39 Differences between Brady and 3.8(d)  Brady has a materiality requirement; 3.8(d) has no materiality requirement.  Brady is a post-trial examination of a failure to disclose exculpatory information. 3.8(d) requires a “timely” disclosure of exculpatory evidence.

40 Goodner v. State and 3.8(d)  [Failure to timely disclose that prosecutor had agreed to a bond reduction for witness in exchange for agreement to testify.]  “We cannot continue to tolerate late inning surprises later justified in the name of harmless error. Continued abuses of this sort may require a prophylactic rule requiring reversal. In the meantime, there are other sanctions for prosecutorial misconduct. ………..

41 …..The Indiana Rules of Professional Conduct require a prosecutor to 'make timely disclosure to the defense of all evidence or information known to the prosecutor that tends to negate the guilt of the accused or mitigates the offense.' Rule 8.4(d) also states that it is misconduct for a lawyer to 'engage in conduct that is prejudicial to the administration of justice.

42 Members of the bar and the trial bench should remember their obligation to report such misconduct to the proper authorities.”

43 Gardner, supra.  Failure to timely provide detectives notes that revealed witness had been given a two night stay in a motel.  Prompted Court of Appeals to include the above quote from Goodner.

44 Williams v. State  Failure to timely disclose that witness promised not to be charged with drug dealing even though detective said he had informed the screening deputy prosecutor but trial prosecutor had not been informed.

45 Williams v. State – interoffice communication essential  “the Prosecutor's office was obligated to make timely disclosure. In order to discharge that obligation, the office needs to implement procedures to assure that information it holds collectively finds its way to the appropriate trial attorney in a timely manner.”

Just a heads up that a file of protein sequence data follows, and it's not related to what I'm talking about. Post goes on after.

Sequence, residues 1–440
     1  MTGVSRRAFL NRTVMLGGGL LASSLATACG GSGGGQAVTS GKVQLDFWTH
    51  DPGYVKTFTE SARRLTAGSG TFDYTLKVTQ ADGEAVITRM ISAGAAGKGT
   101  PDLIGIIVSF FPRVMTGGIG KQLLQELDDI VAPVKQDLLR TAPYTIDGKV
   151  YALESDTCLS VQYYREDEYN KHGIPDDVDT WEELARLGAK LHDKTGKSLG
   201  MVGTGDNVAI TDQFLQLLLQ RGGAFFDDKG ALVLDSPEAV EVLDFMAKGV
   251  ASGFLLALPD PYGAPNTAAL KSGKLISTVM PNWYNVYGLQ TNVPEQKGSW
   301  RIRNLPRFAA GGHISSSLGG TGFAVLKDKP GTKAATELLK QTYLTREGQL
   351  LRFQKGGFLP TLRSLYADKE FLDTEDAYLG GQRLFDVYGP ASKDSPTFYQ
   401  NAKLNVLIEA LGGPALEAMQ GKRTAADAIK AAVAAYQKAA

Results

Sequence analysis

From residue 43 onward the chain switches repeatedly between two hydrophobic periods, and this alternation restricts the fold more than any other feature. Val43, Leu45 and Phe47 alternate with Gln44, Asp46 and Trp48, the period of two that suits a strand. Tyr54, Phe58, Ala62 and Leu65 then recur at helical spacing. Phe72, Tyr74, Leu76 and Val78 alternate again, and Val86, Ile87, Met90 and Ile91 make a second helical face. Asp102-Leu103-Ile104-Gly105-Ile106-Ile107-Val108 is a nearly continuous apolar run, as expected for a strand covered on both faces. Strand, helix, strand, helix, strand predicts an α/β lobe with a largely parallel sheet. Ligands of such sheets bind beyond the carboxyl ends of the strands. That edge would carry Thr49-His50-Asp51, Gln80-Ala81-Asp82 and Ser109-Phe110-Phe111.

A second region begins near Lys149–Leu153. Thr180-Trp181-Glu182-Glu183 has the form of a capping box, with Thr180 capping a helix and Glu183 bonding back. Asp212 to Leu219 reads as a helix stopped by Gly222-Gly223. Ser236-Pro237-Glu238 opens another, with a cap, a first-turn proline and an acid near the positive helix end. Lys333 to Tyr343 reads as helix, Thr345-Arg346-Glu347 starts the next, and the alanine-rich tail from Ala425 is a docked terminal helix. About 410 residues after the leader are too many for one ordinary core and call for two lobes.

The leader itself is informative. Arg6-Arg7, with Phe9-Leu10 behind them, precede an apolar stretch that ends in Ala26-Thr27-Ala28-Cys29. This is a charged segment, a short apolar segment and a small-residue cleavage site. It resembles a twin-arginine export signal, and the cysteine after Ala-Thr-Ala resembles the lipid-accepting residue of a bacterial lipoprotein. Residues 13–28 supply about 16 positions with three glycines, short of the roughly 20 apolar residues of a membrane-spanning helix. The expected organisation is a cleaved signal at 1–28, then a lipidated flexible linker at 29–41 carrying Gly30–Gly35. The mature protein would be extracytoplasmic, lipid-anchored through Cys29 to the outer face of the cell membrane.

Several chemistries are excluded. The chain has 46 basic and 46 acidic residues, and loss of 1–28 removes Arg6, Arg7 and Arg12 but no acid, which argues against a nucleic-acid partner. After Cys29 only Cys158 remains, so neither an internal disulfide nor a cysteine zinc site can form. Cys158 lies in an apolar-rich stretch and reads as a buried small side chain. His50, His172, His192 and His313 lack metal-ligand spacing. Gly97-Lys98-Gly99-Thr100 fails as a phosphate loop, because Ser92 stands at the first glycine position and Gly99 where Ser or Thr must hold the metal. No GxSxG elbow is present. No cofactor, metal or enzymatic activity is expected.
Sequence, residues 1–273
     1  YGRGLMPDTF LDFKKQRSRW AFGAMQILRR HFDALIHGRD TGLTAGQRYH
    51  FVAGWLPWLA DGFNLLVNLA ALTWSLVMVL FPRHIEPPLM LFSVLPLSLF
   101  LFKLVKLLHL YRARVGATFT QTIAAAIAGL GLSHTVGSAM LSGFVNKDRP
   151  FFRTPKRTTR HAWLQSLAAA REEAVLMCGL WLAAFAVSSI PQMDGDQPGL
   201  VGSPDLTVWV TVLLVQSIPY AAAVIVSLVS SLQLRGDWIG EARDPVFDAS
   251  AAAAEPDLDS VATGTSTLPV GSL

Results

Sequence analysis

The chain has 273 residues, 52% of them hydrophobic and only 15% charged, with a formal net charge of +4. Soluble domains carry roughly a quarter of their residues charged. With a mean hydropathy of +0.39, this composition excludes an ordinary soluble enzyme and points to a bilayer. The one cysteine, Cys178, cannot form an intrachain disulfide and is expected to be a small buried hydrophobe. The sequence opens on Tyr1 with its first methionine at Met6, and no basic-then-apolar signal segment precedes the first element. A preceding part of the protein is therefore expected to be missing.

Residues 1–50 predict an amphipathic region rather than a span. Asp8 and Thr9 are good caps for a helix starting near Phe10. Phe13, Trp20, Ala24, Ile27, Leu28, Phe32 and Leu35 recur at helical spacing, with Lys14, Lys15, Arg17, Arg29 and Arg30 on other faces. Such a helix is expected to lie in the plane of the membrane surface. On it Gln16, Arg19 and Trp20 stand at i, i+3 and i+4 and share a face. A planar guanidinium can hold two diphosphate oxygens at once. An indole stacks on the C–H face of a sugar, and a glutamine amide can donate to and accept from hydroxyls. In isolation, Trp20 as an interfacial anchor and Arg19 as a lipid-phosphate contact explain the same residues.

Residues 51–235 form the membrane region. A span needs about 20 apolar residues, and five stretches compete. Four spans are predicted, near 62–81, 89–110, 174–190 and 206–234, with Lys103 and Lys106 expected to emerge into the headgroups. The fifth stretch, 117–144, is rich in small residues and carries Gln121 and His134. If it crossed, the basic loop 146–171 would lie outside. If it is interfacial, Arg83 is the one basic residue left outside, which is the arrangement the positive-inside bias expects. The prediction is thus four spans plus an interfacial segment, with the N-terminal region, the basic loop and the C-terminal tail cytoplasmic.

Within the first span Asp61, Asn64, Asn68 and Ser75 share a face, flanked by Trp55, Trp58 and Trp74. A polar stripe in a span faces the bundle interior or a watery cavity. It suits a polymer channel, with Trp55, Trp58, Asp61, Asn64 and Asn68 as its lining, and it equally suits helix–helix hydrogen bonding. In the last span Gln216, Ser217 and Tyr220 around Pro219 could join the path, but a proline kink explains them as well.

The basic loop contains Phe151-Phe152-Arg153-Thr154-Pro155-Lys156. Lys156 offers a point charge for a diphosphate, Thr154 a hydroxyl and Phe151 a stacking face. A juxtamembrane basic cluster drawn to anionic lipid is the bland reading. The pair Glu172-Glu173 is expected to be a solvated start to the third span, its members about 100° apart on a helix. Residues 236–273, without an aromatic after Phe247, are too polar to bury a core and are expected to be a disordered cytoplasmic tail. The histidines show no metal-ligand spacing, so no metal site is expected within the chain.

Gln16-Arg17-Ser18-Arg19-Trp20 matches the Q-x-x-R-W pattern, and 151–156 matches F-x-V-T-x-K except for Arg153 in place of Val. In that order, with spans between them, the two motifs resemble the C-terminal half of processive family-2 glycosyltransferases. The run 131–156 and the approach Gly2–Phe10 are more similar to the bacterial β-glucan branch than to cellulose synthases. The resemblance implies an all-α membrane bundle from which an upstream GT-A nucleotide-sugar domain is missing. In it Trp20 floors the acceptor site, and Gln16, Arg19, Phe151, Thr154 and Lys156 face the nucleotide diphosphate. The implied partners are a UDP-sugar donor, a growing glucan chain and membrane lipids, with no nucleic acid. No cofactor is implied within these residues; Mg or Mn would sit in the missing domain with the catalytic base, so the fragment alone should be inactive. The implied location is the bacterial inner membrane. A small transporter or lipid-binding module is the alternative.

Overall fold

46 ABA Formal Opinion  Poses a hypothetical case:  In a strong armed robbery case, prosecutor knows:  Victim and eyewitness ID Def at lineup  However, 2 other witnesses view lineup and say they do not see the perp.  Confidential Informant tells police SODDI.

47 The prosecutor concludes:  Informant is a criminal who has no credibility;  The 2 eyewitnesses who failed to ID didn’t have a very good view of crime. At issue:  Does 3.8(d) require prosecutor to disclose the 2 bystanders who don’t ID defendant and the informant?  If so, when?  And would a waiver from def. matter?

48 Material vs. favorable?  Need not be material evidence; only favorable.  “Rule 3.8(d) is more demanding than the constitutional case law in that it requires disclosure…… to defense without regard to the anticipated impact of the evidence or information on a trial’s outcome.” p. 4

49 Knowledge?  Evidence or information of which you have actual knowledge which may be inferred from the circumstances.  No requirement that prosecutors have to conduct an investigation for favorable evidence of which you are not already aware.

50 Timely Disclosure  Disclosure in time for it to be effectively considered and used by the defense.  Including in time for attorney to advise defendant whether or not to plead guilty.

51 Protective Order  Where early disclosure or too much disclosure would jeopardize an ongoing investigation or jeopardize a witness, the prosecutor may seek a protective order.

52 Disclosing evidence favorable to sentencing  Defendant’s level of involvement or influence of 3rd party.  Requires report to court as well as defendant.  Timely  Unprivileged information only

53 Supervisor’s additional responsibility: Procedures in place to ensure that:  those under your supervision meet their ethical obligations;  screening deputy’s and co-counsel’s information gets related to deputy with discovery compliance responsibility;  oral communications are memorialized.

54 In conclusion: Know that Formal Opinion :  Points out that 3.8(d) has essentially been in existence since 1908;  Says “disciplinary authorities rarely proceed against prosecutors in cases that raise interpretive questions under 3.8(d). ”  Cites N.C. State Bar v. Michael B. Nifong  Favorably cited by the recently departed Executive Director of the Indiana Supreme Court Disciplinary Commission.

55 Whenever a man does a thoroughly stupid thing, it is always from the noblest motives. — Oscar Wilde, The Picture of Dorian Gray

56 “The fact is, I didn't pick the crime. I didn't pick the time. But I'm going to do the case right.” - Michael Nifong

57 “…..the citizen’s security lies in the prosecutor who tempers zeal with human kindness, who seeks truth and not victims, who serves the law and not factional purposes, and who approaches his task with humility.” - Robert Jackson, Associate Justice of the Supreme Court of the United States and Chief Prosecutor, Nuremberg War Crimes Tribunal